Tardun Farm School was run by the Christian Brothers from 1928 as a Home where boys would learn farm skills. After World War II, Tardun housed British and Maltese child migrants aged from about 12 to 16 years as well as boys who were wards of state. Tardun Farm School closed in 1967 but remained open as an agricultural boarding school where some children were placed by the departments responsible for child welfare. Tardun closed at the end of 2008.
Tardun Farm School was established by the Christian Brothers in 1928 as St Mary's Agricultural School.
The 'Tardun Agricultural College' was described in the Report of the Royal Commission on Youth Employment and the Apprenticeship System in 1938:
The object of the school...is to recruit orphan boys from the Clontarf Orphanage at about the age of 12 to 15 years and give them a training in agricultural methods sufficient to enable them to conduct farming operations or to accept work as farm labourers. No fees are charged. The boys live on the farm. The idea is to select land and establish the most promising boys on their own farms. As regards the other boys, the Brothers place them in employment when they are ready, their wages ranging from 12s. 6d. To £2 10s. per week and keep. The school has initiated a system of instructing the boys in general educational subjects and putting them up for the Junior examination of the University - a policy to be recommended. The Principal of the school (Brother Conlon) states that there is no lack of application for the boys when they have finished their training. Report of the Royal Commissioner on Youth Employment and the Apprenticeship System, 1938, p.lxix
The Royal Commissioner recommended (p.lxx) that the Government pay a maintenance allowance of 10 shillings per week for each 'destitute orphan boy' at Tardun provided the school undertook vocational and general education and training to the satisfaction of the Education Department. By 1940, this recommendation had not been implemented.
After World War II, Tardun admitted boys from various backgrounds including Wards of the State, child migrants, orphans and private admissions. Australian-born boys, and British and Maltese child migrants aged from about 12 to 16 years lived at Tardun. In 1967, the Farm School became an agricultural boarding and day school, which operated on the site until the end of 2008. Some children continued to be placed at Tardun by the departments responsible for child welfare.
The Christian Brothers' institutions Bindoon, Clontarf, Castledare and Tardun first received widespread publicity about child abuse in the early 1990s. In 1993, the Christian Brothers in Western Australia issued an apology and from 1995 have funded independent services to help with family tracing, counselling and remedial education for men who had suffered in their institutions. Many former residents of these institutions have shared their experiences and memories (bad and good) at government inquiries, in books and in oral histories.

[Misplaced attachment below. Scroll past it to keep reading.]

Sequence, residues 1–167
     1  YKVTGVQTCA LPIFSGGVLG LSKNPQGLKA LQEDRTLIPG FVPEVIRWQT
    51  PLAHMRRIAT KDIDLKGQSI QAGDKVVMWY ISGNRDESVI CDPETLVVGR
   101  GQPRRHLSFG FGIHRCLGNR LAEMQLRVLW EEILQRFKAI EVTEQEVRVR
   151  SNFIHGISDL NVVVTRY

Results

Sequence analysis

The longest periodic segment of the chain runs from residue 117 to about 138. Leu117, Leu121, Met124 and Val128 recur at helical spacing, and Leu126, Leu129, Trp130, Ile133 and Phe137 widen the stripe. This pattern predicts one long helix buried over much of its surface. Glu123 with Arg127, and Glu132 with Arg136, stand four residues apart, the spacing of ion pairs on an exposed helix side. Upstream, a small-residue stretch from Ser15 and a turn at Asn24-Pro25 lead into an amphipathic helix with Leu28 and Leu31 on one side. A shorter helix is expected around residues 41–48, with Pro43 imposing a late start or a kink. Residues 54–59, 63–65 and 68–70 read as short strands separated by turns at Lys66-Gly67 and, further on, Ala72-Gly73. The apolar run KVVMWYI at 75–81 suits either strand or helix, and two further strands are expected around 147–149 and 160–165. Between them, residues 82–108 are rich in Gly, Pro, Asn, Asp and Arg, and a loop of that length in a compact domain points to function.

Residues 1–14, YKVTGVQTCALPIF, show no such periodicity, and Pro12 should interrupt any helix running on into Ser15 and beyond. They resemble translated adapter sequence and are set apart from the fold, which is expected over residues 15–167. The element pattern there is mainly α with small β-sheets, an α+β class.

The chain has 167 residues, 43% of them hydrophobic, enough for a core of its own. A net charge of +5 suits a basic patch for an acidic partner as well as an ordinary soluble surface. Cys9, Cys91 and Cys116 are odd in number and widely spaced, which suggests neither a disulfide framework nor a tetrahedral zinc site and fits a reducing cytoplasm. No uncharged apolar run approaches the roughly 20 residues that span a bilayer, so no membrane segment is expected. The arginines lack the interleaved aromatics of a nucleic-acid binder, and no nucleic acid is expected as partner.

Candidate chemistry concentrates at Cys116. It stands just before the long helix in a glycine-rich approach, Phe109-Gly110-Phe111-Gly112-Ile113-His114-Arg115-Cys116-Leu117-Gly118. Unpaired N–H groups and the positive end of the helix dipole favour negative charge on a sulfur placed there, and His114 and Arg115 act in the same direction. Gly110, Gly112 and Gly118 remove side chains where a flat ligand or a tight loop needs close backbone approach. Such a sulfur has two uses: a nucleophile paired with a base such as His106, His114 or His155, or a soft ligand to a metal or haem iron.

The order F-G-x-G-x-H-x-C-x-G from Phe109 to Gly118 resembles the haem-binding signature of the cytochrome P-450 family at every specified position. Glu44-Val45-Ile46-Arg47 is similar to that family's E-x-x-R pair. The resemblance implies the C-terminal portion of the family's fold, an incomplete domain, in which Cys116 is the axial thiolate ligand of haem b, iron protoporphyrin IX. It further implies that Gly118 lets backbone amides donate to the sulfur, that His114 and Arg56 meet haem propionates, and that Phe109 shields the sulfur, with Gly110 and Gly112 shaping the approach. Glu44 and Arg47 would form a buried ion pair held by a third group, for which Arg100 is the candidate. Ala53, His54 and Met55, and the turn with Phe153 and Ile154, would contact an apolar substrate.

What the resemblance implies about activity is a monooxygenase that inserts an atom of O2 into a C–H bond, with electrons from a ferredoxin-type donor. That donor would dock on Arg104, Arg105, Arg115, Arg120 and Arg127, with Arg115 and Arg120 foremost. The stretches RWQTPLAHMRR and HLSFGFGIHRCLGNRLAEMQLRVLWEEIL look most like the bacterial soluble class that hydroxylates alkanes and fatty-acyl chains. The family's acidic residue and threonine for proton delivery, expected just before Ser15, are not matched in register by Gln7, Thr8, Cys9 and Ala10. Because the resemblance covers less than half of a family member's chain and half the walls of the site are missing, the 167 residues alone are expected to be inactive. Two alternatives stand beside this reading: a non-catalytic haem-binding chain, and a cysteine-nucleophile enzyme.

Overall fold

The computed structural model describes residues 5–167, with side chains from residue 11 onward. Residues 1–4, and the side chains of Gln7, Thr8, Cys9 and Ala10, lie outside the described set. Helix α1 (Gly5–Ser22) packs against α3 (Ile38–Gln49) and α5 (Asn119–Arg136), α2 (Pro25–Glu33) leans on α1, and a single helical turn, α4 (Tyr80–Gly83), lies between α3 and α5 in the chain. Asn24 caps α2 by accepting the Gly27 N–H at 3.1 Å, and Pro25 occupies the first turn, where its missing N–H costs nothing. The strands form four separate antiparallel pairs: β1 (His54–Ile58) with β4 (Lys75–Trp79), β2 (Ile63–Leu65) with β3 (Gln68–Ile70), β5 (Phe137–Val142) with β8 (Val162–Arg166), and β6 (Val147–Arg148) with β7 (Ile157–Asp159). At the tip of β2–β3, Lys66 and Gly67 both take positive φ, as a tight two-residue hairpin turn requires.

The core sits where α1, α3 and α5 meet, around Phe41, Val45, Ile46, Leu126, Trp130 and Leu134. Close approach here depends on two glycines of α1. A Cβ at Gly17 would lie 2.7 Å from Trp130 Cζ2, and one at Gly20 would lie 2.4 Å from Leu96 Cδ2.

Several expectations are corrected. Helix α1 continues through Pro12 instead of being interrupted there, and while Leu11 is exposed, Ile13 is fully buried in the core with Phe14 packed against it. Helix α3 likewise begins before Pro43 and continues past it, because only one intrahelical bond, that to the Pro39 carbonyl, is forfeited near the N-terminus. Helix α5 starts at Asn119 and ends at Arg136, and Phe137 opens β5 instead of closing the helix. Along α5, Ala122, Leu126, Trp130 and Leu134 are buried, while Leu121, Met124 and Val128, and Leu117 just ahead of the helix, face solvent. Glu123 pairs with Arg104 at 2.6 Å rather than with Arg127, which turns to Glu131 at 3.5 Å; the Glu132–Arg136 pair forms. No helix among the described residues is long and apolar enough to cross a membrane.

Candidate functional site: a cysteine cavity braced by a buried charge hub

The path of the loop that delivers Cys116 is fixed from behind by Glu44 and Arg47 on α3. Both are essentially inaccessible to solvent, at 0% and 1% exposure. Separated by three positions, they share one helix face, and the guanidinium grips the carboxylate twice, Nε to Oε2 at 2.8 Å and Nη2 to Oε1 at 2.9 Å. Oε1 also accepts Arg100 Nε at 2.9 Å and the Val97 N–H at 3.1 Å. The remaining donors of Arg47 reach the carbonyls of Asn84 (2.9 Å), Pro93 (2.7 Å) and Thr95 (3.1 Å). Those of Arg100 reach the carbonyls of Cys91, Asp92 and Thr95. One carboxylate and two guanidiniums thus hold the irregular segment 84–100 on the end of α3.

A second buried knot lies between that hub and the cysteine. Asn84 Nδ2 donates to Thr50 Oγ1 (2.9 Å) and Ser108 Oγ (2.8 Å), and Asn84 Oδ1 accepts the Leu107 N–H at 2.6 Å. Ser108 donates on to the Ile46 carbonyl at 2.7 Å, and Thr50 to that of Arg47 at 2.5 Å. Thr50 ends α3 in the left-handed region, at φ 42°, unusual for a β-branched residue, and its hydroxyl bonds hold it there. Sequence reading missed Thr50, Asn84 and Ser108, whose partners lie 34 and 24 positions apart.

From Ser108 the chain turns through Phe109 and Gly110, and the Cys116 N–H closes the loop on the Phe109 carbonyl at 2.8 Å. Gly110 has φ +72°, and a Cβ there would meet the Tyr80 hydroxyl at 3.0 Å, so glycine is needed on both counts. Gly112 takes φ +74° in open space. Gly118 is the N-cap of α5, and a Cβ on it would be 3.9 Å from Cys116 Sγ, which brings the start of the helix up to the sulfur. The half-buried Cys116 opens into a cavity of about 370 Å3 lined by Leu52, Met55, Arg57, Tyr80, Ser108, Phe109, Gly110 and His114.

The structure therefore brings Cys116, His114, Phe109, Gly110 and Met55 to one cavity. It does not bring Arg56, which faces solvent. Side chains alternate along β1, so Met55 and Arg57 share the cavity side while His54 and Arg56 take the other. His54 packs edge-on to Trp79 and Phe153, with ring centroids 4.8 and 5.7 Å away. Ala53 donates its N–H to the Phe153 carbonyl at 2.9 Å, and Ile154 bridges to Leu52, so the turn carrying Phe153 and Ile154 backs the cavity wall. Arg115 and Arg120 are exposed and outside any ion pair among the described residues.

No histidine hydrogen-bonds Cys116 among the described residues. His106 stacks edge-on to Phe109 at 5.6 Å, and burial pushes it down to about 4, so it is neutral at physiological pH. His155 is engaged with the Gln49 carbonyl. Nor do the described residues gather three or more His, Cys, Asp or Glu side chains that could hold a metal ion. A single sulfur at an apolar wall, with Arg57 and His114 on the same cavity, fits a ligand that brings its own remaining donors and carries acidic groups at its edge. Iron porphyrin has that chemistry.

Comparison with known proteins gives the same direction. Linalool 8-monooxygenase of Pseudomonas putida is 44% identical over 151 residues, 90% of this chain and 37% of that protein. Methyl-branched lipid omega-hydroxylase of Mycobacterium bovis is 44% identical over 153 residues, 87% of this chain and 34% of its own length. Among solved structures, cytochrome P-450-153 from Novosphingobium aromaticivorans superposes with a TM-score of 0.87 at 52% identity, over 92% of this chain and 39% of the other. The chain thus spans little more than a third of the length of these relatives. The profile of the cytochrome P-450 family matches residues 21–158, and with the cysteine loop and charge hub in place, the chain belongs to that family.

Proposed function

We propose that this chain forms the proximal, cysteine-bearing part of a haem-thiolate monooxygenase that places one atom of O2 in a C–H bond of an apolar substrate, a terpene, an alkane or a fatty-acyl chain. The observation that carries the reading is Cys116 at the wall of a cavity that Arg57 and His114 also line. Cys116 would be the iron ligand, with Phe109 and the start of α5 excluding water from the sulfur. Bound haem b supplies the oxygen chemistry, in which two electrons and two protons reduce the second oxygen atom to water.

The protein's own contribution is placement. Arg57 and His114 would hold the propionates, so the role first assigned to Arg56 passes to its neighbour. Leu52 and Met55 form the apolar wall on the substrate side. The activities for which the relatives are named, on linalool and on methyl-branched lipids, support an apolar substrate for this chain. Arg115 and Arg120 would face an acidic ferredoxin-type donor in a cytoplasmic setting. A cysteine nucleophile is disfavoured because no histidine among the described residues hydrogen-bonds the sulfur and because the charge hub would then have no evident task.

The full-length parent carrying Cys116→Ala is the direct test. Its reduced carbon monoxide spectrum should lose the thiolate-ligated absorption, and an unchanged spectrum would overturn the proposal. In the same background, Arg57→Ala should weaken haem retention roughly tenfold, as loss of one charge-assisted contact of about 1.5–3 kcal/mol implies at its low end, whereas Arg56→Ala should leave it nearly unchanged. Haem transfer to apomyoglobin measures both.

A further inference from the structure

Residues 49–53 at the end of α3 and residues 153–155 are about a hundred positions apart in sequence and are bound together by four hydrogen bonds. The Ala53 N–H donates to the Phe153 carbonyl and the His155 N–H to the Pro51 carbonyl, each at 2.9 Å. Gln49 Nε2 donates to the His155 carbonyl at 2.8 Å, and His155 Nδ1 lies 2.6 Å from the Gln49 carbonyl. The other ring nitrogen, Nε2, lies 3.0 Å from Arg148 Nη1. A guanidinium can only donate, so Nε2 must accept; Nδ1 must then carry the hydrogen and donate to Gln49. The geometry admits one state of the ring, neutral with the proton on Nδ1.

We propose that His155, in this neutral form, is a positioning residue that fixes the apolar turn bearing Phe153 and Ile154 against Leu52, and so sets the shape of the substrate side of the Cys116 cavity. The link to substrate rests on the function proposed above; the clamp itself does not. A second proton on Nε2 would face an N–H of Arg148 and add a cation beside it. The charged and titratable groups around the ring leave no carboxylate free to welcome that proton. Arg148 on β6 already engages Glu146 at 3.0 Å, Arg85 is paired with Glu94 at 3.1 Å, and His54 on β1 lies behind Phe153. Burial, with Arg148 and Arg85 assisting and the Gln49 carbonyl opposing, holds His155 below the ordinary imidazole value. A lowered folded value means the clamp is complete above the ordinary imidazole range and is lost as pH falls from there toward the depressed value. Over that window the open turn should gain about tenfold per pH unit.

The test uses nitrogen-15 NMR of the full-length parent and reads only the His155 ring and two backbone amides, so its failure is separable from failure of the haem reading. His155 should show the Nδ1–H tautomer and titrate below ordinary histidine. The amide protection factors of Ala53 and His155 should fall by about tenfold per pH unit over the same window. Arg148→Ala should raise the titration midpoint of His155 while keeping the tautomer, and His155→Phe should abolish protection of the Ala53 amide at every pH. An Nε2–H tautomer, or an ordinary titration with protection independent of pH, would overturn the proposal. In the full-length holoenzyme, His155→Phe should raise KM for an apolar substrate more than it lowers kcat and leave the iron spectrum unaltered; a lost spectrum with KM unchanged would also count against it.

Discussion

Sources used to compile this entry: 'The Success of Bundidup', Sunday Times, 20 October 1935, p. 15, http://nla.gov.au/nla.news-article58744165; Report of the Royal Commission on Youth Employment and the Apprenticeship System, Royal Commissions Held in Western Australia, Parliament of Western Australia, 28 February 1938, http://www.parliament.wa.gov.au/intranet/libpages.nsf/WebFiles/Royal+Commission+1938/$FILE/RC1.pdf. pp.lxix, lxx.; 'Motion - Child Welfare Department. Maintenance of Children', in Hansard Archive 1870 to 1995, Parliament of Western Australia, 4 December 1940, https://www.parliament.wa.gov.au/Hansard/hansard1870to1995.nsf/83cc4ce93b5d4e0b48257b33001cfef6/BF96AA998FE9A93748257A4E0010E9F2/$File/19401204_Assembly.pdf; 'World's biggest college to close in WA', CathNews, 11 August 2008, http://cathnews.com/archives/cath-news-archive/10657-quotworlds-biggest-quot-college-to-close-in-wa; Coldrey, Barry M., The Scheme: the Christian Brothers and Childcare in Western Australia, Argyle-Pacific Pub., O'Connor, W.A., 1993; Information Services, Department for Community Development, 'p.517, Table 55: Young People at Tardun Farm School, Certain Years between 1934 and 1970', Signposts: A Guide for Children and Young People in Care in WA from 1920, Government of Western Australia, 2004, http://signposts.cpfs.wa.gov.au/pdf/pdf.aspx; Parliament of Australia Senate, Forgotten Australians: A report on Australians who experienced institutional or out-of-home care as children, Senate Community Affairs References Committee, http://www.aph.gov.au/Parliamentary_Business/Committees/Senate/Community_Affairs/completed_inquiries/2004-07/inst_care/report/index.htm.
Prepared by: Debra Rosser
Created: 15 March 2011, Last modified: 25 October 2017